Given a set of size n, its power set is the set of subsets of it; for each member of the set, each subset either does or doesn't include that member, so the possible subsets correspond exactly with the the mappings from the set to a set with exactly two members, e.g. {0, 1}, with the subset corresponding to a mapping ({0, 1}: f |S) being {s in S: f(s) = 1}, for example. Consequently, as each member of the set gives us two choices for the function's output, we have power(n, 2) subsets of a set of size n.

Next let us consider partitioning those subsets by size; how many subsets does it have, of each size  ? Let chose(n, i) be the number of subsets of size i that we can chose from within a set of size n. Clearly chose(n, 0) = 1 as there's only one empty set; it is a sub-set of every set; so every set does have it as the set's sole empty sub-set. Equally, by considering which elements are left out of each sub-set, chose(n, i) = chose(n, n −i) for each i; and, by specification, chose(n, i) is 0 unless 0 ≤ i ≤ n. We can quickly infer chose(n, n) = chose(n, 0) = 1, which should be no surprise; the only subset that has n elements is the one that has all n elements in it, with none left out.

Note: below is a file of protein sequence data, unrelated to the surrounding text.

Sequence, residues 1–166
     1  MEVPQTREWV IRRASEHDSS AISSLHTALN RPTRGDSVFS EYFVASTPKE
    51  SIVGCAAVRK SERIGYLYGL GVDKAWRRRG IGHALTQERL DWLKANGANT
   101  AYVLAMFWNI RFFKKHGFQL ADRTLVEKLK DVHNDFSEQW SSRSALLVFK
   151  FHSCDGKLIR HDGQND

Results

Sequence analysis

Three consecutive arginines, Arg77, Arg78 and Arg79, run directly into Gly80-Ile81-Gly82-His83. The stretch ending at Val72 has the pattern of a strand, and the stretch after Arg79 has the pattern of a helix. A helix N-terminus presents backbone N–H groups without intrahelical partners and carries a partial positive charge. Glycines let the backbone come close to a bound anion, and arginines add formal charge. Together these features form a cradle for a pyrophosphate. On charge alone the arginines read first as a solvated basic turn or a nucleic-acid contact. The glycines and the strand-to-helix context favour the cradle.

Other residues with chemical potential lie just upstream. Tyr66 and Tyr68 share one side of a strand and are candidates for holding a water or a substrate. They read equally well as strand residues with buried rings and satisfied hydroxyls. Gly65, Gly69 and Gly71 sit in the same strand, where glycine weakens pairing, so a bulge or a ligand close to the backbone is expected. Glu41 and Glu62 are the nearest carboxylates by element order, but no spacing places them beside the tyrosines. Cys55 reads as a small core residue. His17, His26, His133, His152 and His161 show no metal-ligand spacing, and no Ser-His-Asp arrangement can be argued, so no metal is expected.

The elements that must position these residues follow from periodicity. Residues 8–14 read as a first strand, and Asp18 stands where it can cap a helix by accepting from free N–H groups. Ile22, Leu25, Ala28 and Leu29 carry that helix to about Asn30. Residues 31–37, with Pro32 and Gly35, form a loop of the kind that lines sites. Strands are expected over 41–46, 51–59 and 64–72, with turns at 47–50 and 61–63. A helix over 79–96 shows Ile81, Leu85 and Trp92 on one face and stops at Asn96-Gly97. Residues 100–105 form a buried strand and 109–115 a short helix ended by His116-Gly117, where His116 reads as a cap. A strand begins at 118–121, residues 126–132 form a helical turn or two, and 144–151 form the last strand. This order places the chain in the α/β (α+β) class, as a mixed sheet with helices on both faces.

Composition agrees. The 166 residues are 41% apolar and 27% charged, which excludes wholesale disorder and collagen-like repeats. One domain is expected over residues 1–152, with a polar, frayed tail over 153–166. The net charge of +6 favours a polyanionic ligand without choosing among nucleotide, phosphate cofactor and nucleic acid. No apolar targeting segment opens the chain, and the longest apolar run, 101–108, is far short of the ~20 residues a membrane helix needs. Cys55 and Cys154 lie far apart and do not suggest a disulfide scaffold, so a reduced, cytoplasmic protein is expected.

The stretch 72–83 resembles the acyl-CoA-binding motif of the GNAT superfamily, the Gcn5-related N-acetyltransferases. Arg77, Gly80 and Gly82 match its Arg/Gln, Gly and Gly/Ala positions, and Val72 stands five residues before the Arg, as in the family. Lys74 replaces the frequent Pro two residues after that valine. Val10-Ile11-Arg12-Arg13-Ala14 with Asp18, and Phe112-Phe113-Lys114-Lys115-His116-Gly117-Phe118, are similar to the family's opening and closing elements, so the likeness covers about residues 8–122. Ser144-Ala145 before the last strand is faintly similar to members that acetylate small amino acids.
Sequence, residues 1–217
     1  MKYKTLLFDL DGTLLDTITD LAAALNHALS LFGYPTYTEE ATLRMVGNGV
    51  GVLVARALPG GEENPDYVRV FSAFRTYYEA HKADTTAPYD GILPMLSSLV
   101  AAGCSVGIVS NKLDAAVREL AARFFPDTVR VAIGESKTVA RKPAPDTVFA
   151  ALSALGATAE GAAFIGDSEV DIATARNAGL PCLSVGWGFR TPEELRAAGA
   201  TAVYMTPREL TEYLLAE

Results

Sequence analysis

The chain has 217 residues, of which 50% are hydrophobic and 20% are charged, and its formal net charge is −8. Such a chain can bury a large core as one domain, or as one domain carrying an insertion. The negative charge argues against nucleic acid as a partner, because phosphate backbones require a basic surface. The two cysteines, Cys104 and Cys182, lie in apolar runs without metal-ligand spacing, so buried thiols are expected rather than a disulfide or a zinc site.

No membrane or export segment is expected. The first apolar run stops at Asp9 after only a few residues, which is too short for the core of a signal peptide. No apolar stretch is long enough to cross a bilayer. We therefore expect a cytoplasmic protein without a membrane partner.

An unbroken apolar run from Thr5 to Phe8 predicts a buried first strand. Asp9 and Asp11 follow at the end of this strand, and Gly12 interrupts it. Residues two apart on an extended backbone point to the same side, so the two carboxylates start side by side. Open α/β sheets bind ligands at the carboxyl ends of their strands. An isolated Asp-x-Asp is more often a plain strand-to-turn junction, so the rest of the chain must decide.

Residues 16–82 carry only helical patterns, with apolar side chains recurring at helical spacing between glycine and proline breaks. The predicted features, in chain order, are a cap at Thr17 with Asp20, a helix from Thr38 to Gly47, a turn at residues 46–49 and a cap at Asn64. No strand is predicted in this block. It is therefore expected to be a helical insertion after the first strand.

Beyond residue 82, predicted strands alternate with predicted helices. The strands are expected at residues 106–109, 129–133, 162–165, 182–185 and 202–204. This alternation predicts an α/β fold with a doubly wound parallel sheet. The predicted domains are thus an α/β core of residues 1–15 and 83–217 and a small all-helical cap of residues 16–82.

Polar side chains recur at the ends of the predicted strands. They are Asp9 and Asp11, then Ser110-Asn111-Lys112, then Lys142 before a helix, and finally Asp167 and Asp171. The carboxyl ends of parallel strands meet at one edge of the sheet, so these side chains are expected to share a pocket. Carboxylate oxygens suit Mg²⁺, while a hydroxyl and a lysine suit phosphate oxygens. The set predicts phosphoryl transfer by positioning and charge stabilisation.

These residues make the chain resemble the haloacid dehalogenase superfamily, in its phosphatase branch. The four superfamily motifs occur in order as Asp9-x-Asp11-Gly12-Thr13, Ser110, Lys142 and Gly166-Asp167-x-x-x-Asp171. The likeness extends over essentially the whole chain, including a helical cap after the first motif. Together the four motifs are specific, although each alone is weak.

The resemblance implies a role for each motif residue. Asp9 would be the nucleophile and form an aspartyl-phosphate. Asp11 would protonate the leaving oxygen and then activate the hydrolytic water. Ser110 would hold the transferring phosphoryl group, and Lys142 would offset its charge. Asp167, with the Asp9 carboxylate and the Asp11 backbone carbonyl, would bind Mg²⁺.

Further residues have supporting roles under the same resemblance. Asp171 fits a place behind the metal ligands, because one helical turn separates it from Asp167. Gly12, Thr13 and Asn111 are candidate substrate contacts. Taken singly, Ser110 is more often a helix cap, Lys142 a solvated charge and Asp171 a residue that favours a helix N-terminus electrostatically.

For n in {0, 1}, that's told us all about chose(n); now let's consider how we can infer chose(n +1) from chose(n). Given a set with n +1 members, we can pick any one member of it, label that q and then ask, for any given sub-set, whether it has q in it; a sub-set of size i +1 that does has q in it has, as its set of other members, one of the chose(n, i) subsets of size i drawn from the remaining n elements; all other sub-sets of size i +1 are subsets of this set of remaining elements, so there are chose(n, i +1) of them. Since every subset of size i +1 in the size n +1 set is of one of these forms, and no subset is of both forms, we can infer